Wrenches, Pliers and Clamps Wrenches, Pliers and Clamps
Most common Mistakes:
Using extra-leverage items to tighten clamps. At some point in any project, you will be attaching, dismantling or assembling what you have been measuring and sawing. These operations can be done in a variety of ways.
Most people need a pry bar around the house. This demolition tool is useful where pulling nails, ripping wood, and prying molding from walls needs to be done. A pry bar offers more leverage than a hammer.
Another special item useful around the house is a com-a-long. This device has a cable and a ratcheting handle used to pull things together. It is useful for anything from making framing sections square and plumb to pulling a car out of a ditch.
Wrenches and Pliers
A wide variety of wrenches or pliers are not necessary for woodworking, but some of the more common ones have their place around the house.
An adjustable open-end wrench will fit any size nut within its opening capacity. The best choice for the homeowner is one that opens to 5/16".
The box or socket wrenches are used for removing nuts and bolts and are fitted to the size of the fastener.
Allen wrench. These are useful for recessed screws and setscrews.
Pipe wrenches. Pipe wrenches are necessary to tighten (or loosen) plumbing pipes. Use two wrenches (especially when working on existing pipe) - one to keep the pipe in place, the other to turn the pipe or fitting out.
Locking wrench. This wrench works like a clamp for holding pipes and other objects in place.
Strap wrench. Primarily for chrome-plated fittings, this wrench prevents marring the chrome-plated finish.
Slip joint pliers. These pliers have jaws that lock into normal and wide opening positions, for use in holding.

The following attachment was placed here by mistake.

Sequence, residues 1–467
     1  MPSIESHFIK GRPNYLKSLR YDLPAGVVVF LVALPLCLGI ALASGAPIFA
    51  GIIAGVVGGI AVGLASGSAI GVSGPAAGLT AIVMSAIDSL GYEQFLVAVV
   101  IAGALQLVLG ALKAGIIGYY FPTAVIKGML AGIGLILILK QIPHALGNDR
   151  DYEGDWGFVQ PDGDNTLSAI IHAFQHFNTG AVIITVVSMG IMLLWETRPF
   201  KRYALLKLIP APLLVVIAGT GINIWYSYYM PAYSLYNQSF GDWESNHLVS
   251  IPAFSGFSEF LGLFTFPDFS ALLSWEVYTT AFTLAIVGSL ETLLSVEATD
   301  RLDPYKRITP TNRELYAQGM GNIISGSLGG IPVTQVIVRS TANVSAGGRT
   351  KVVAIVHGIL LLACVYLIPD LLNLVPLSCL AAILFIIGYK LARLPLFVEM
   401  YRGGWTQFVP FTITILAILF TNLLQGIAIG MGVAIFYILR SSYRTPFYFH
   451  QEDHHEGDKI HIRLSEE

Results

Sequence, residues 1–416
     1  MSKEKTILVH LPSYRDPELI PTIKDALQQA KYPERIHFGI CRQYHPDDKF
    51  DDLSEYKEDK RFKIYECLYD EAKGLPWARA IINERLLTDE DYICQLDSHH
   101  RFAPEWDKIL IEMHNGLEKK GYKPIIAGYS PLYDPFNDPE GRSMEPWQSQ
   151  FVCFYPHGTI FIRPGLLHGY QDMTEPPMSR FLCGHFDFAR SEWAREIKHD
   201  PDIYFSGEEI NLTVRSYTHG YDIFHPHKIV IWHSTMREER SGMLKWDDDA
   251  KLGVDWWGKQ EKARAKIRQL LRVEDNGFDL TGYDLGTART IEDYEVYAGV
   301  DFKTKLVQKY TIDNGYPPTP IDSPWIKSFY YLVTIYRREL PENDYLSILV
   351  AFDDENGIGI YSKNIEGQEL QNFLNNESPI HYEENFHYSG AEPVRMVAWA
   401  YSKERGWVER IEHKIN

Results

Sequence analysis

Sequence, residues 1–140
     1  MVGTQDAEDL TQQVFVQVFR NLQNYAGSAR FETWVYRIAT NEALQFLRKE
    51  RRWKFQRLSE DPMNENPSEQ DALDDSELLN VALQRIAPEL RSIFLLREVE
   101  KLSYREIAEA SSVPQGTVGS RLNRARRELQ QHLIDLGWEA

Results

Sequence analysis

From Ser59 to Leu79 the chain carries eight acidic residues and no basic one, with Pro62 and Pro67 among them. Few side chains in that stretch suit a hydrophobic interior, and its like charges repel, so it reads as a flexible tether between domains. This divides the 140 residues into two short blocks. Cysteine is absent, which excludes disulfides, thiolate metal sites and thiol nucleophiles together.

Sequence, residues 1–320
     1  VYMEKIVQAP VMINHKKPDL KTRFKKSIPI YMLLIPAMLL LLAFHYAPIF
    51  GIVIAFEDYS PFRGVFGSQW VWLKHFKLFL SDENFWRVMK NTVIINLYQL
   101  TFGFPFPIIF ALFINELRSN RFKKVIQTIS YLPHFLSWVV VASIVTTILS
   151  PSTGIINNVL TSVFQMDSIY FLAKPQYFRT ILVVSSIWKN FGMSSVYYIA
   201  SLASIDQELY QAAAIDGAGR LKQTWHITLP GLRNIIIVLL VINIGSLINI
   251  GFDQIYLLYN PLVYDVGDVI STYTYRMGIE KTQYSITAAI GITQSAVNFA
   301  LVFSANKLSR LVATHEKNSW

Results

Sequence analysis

Lineman's pliers. These are useful in electrical work. They have side cutters for heavy-duty wire cutting and splicing.
Channel lock pliers. These pliers, with multi-position pivots, adjust for openings up to 2".
Long-nosed pliers. Sometimes called "needle-nosed pliers," these get into hard-to-reach places and are used to shape wire and thin metal.
End-cutting nippers. Use these to snip wire, small nails and brads.
Tip on Wrenching and Plying:Make sure the jaws of the wrench or pliers are snug in position before you manipulate the handle, to avoid slippage or scraped knuckles.
Clamps are for holding objects together while they are being worked on, or while various adhesives are drying.
C-clamp. This clamp is the most common. So named because of its shape, it has a swivel head that makes the clamp self-aligning for odd-shaped pieces.
Bar clamp. This is useful for clamping extra-wide work.
Vise. The vise is a workbench tool and should be firmly secured before being used. It is used for holding work being sawed, bored, glued or formed in some way.
Handscrew. This has hardwood jaws which move in opposite directions due to the threading of the screws. The smooth wood and broad jaws protect the surface of the work being clamped. This is used for cabinet and furniture work.
Spring clamps. These clamps are for smaller bonding uses. They are also used when slow removal of pressure is needed.